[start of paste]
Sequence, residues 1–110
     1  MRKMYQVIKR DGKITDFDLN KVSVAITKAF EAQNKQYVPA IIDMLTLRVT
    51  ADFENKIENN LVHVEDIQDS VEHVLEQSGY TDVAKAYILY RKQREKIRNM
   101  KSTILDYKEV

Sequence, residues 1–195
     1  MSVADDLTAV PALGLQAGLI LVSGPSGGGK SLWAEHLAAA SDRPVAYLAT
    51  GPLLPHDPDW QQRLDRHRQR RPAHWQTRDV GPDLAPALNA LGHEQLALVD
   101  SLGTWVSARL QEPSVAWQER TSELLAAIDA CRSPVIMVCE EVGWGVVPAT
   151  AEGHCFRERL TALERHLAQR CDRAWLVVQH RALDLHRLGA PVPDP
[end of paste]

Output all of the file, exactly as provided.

Sequence, residues 1–110
     1  MRKMYQVIKR DGKITDFDLN KVSVAITKAF EAQNKQYVPA IIDMLTLRVT
    51  ADFENKIENN LVHVEDIQDS VEHVLEQSGY TDVAKAYILY RKQREKIRNM
   101  KSTILDYKEV

Sequence, residues 1–195
     1  MSVADDLTAV PALGLQAGLI LVSGPSGGGK SLWAEHLAAA SDRPVAYLAT
    51  GPLLPHDPDW QQRLDRHRQR RPAHWQTRDV GPDLAPALNA LGHEQLALVD
   101  SLGTWVSARL QEPSVAWQER TSELLAAIDA CRSPVIMVCE EVGWGVVPAT
   151  AEGHCFRERL TALERHLAQR CDRAWLVVQH RALDLHRLGA PVPDP